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ACCC Stymies Aurizon Rail Sale
BY GLENN DYER - 16/03/2018 | VIEW MORE ARTICLES BY GLENN DYER

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AZJ - AURIZON HOLDINGS LIMITED


Trouble for rail group Aurizon’s planned sale of its Queensland intermodal business with the competition regulator revealing severe reservations about the plan to sell it to Pacific National.

The ACCC said on Thursday the planned sale would give Pacific National a lock on freight haulage within Queensland.

The Commission’s announcement and comments by chair Rod Sims indicates Aurizon will struggle to get the deal approved. Aurizon seemingly agrees with that assessment because it issued a statement later on Thursday warning of job losses if the deal doesn’t go through.

That is always the standard reaction from business to potential or actual opposition to these types of deals from the ACC

But from what Mr Sims said in the Commission’s statement yesterday it is hard to see the sale to Pacific National being approved.

Mr Sims says the proposed sale to a consortium of Pacific National and Linfox would make Pacific National the only operator of its kind to and from far north Queensland.

"We are concerned the proposed acquisitions would lead to increased prices and reduced service for freight hauled between Brisbane and far north Queensland," Mr Sims said in a statement of issues released on Thursday.

He says the ACCC is concerned about Pacific National’s proposal to acquire the Acacia Ridge terminal in a $220 million deal because of the power that would give the buyer against any potential freight rival.

Although freight services company SCT Logistics will remain on interstate rail routes, it is vertically integrated with freight forwarding and does not generally haul many containers for other freight forwarders.

The ACCC has received extensive feedback from interested parties who say there is no close alternative to rail for many types of freight, particularly to and from far north Queensland.

Pacific National has offered an undertaking that it would not discriminate in providing access to the Acacia Ridge Terminal if the acquisition went ahead.

The ACCC says it is consulting on the proposed undertaking as part of the Statement of Issues consultation.

“The ACCC’s preliminary view is that a section 87B undertaking won’t resolve the concerns arising from the dominant provider of intermodal rail linehaul services nationally also owning the Acacia Ridge Terminal,” Mr Sims said in yesterday’s statement.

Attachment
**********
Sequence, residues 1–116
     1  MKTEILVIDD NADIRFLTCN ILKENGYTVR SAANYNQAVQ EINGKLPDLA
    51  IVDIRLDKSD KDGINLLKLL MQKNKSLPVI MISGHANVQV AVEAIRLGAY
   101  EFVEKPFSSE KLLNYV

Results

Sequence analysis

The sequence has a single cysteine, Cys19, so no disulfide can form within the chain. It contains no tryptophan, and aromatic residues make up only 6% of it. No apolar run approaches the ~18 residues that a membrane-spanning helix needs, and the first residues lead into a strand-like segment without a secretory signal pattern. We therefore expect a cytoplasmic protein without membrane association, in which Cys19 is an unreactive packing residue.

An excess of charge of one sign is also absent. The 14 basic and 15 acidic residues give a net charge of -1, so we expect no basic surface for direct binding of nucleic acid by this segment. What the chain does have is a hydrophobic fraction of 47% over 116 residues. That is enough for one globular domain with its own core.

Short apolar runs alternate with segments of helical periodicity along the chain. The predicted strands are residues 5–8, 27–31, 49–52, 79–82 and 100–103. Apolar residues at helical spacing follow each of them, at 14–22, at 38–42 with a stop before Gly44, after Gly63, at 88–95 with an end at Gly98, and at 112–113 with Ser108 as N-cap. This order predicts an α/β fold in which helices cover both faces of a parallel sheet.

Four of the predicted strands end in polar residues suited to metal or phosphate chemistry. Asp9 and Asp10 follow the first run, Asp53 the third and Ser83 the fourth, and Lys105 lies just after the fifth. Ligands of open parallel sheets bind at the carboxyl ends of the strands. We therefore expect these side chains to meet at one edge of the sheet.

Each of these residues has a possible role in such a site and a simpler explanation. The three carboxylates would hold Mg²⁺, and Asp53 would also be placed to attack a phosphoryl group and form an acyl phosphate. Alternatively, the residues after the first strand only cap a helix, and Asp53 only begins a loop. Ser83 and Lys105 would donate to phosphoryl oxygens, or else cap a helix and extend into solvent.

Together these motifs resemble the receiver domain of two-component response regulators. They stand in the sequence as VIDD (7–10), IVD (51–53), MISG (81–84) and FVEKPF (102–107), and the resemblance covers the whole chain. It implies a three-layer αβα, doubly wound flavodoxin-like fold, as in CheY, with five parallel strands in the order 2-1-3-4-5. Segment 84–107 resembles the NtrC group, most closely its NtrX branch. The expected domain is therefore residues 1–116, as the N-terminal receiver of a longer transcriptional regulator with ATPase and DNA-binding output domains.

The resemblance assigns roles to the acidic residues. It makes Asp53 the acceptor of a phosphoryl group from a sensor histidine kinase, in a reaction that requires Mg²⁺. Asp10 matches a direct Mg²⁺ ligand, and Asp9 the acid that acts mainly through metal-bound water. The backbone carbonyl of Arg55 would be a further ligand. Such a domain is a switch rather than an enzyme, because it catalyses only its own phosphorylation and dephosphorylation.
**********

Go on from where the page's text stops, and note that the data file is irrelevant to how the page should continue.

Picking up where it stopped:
In its statement on Thursday, Aurizon reiterated that it would close the Queensland Intermodal business if the sale is blocked.

“Any closure of the business would likely occur by the end of 2018 and would result in the loss of up to 350 jobs throughout Brisbane and regional Queensland," Aurizon said.

“Closure would also be likely to affect rail services and rail line haul capacity in Queensland, potentially causing disruption to freight import and export supply chains."

Aurizon wants to exit the container freight business to increase its focus on its growing coal division, and said it remained committed to finalising the deals by July.

In a brief backgrounder, the ACCC said "Pacific National is the largest provider of intermodal rail freight services in Australia. Currently, Pacific National and Aurizon are the only providers of intermodal rail freight services within Queensland. Aurizon previously also competed with Pacific National and SCT on interstate routes.”

"The interstate rail network is a standard gauge rail track, while the rail network north of Brisbane is narrow gauge and requires specific locomotives and wagons.

"The Acacia Ridge Terminal has both a standard gauge terminal (supporting interstate transport), which was used by both Pacific National and Aurizon, and a narrow gauge terminal (supporting transport within Queensland) used only by Aurizon. Pacific National’s Queensland rail operations currently use a separate terminal at Tennyson, which is owned and operated by Pacific National.”



View More Articles By Glenn Dyer

Glenn Dyer has been a finance journalist and TV producer for more than 40 years. He has worked at Maxwell Newton Publications, Queensland Newspapers, AAP, The Australian Financial Review, The Nine Network and Crikey.

At the AFR he was a finance writer, Finance Editor, News Editor and Chief of Staff. At the Nine Network he was supervising producer of Business Sunday for more than 16 years. He has also written for other online and analogue print publications here and overseas.



 

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